Digital Euro Legislative Amendments Released

February 16, 2024
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Stefan Berger, the rapporteur for the Single Currency Package, has released his amendments to the digital euro legislation, touching on topics such as merchant fees.

Stefan Berger, the rapporteur for the Single Currency Package, has released his amendments to the digital euro legislation, touching on topics such as merchant fees. 

Berger, a member of the European People’s Party (EPP) faction, published his amendments to the EU’s digital euro legislation last week.

Amendments suggested by the German MEP mainly change the original text’s “payment account” to “wallet”, in the context of how citizens will be able to access the digital euro and amending the lowercase “d” in digital euro to a capital letter. 

Regarding the fees for a digital euro, Berger has said that they should be “proportionate to the objective of ensuring competition between payment means and an effective use of the Digital Euro as a legal tender means of payment”.

Berger has also pushed for more innovative approaches to the digital euro, saying that “conditional payments in Digital Euros may also be carried out on permissionless distributed ledgers where until now only privately issued assets like crypto-assets or stable coins are available as a means of payment”. 

With the approval and under conditions set by the European Central Bank (ECB), Berger said that the digital euro should be made available as a token to be referenced on “these chains”, while adding that international standards should be taken into consideration.

Berger has also said that as a default, the ECB should enable eligible distributing payment service providers to offer to their digital euro users their own payment solution. 

“The ECB front-end should service as a back-up solution for payment service providers that are not in position to offer a proprietary front-end,” the amendment says.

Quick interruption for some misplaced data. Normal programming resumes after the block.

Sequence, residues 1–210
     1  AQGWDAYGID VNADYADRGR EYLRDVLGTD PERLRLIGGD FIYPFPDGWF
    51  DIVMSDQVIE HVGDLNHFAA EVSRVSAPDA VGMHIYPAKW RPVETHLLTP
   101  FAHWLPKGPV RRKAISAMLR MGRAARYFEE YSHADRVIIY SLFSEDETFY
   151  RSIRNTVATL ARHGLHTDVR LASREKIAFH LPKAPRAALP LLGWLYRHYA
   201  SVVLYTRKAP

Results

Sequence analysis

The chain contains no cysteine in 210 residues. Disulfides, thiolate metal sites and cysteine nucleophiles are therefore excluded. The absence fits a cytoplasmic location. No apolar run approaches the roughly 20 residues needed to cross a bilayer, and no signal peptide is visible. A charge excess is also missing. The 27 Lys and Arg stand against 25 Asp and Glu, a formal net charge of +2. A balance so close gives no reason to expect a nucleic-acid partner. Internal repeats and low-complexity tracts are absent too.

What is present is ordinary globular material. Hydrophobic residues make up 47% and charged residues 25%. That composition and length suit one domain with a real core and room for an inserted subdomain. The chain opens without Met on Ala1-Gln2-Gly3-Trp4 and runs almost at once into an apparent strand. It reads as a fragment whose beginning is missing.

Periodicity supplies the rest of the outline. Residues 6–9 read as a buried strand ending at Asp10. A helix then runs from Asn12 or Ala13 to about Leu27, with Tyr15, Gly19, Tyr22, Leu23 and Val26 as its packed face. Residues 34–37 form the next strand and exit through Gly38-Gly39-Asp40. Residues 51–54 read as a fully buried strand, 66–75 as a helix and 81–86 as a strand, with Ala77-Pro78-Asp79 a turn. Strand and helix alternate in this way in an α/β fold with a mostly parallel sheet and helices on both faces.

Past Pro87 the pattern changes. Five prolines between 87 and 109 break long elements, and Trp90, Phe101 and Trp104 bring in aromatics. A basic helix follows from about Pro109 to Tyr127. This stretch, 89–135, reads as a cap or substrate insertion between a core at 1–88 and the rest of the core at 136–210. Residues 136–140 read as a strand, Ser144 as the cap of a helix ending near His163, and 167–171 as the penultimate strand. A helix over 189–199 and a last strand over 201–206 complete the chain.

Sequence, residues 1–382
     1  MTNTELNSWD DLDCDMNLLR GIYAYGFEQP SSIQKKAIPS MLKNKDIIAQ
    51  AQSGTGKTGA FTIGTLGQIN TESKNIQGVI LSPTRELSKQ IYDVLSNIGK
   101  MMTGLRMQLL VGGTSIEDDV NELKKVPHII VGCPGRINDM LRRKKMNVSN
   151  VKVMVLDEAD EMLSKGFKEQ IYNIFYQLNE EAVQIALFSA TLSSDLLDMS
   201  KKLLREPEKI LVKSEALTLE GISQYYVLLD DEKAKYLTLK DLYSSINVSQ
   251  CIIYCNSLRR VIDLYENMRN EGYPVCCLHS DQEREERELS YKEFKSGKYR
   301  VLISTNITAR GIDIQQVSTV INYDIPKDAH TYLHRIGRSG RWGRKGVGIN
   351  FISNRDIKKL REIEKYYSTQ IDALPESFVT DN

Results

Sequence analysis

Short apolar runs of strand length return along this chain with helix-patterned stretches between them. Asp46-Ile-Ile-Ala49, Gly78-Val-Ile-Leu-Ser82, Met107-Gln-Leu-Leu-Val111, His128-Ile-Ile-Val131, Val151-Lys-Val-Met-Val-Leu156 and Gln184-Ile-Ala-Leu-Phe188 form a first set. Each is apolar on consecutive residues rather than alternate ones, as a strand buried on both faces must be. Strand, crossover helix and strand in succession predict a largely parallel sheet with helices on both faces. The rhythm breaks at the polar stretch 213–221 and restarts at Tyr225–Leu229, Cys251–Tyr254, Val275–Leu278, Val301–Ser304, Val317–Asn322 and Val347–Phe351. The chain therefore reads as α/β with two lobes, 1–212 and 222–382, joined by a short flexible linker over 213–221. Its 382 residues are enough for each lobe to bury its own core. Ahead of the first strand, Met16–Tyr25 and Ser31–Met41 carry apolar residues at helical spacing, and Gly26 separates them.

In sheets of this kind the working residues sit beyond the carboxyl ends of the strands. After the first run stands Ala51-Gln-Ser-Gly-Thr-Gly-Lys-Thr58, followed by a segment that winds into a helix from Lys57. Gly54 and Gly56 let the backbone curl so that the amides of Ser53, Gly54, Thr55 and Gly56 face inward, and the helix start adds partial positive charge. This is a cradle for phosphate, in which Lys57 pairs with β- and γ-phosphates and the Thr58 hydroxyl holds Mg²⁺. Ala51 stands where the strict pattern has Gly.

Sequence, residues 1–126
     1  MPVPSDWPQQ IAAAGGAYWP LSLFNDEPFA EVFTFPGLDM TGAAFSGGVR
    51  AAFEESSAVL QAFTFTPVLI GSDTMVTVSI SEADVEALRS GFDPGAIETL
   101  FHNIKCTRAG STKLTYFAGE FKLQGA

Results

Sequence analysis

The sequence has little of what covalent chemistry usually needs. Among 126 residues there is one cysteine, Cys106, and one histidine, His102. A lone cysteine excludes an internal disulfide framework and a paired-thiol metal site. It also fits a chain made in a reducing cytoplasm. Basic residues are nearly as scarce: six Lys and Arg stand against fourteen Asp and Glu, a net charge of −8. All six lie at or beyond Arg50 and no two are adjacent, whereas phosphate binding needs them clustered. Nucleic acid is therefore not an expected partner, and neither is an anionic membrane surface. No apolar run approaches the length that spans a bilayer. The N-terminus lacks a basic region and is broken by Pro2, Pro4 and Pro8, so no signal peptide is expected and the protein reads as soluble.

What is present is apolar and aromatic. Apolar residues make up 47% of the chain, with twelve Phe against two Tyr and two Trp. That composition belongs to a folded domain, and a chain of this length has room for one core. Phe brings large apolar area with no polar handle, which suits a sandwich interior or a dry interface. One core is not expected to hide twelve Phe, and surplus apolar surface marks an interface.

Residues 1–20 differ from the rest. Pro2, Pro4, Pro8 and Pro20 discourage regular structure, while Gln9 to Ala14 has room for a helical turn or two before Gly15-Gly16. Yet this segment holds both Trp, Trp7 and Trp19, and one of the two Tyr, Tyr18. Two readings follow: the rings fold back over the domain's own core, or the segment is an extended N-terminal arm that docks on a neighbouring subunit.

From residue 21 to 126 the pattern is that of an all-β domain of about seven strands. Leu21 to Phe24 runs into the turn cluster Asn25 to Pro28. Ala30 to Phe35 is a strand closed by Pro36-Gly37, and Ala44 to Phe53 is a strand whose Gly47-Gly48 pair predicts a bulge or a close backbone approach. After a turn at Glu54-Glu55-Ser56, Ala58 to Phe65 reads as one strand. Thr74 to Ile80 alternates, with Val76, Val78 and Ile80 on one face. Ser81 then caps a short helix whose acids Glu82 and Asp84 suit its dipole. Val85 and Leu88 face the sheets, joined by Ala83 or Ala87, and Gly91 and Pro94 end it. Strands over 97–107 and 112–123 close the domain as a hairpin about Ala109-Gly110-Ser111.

Further, Berger also said that “to facilitate the smooth access of the Digital Euro infrastructure of the ECB, its technical specifications should be adequately documented, and a summary should be made available by the ECB”. 

“To enable the Digital Euro payment service providers to adequately prepare their access and to solve any possible technical problems, the ECB should enable eligible distributing payment service providers to test the access to the Digital Euro infrastructure prior to the date on which the Digital Euro will be launched,” the amendment says.

“To ensure the interoperability of different technological communication solutions, the ECB access interface should use standards of communication which are developed by international or European standardisation organisations including the European Committee for Standardization (CEN) or the International Organization for Standardization (ISO).”

MEPs now have until February 20 to add additional amendments to the legislation. 

As reported by Vixio, lawmakers on the ECON committee had a steely exchange with Piero Cipollone, who is at the helm of the digital euro project at the ECB, whereby MEPs said that they were unpersuaded by the use case for a digital euro. 

One also said that they were sceptical about whether MEPs would be able to come to a compromise on the legislation. 

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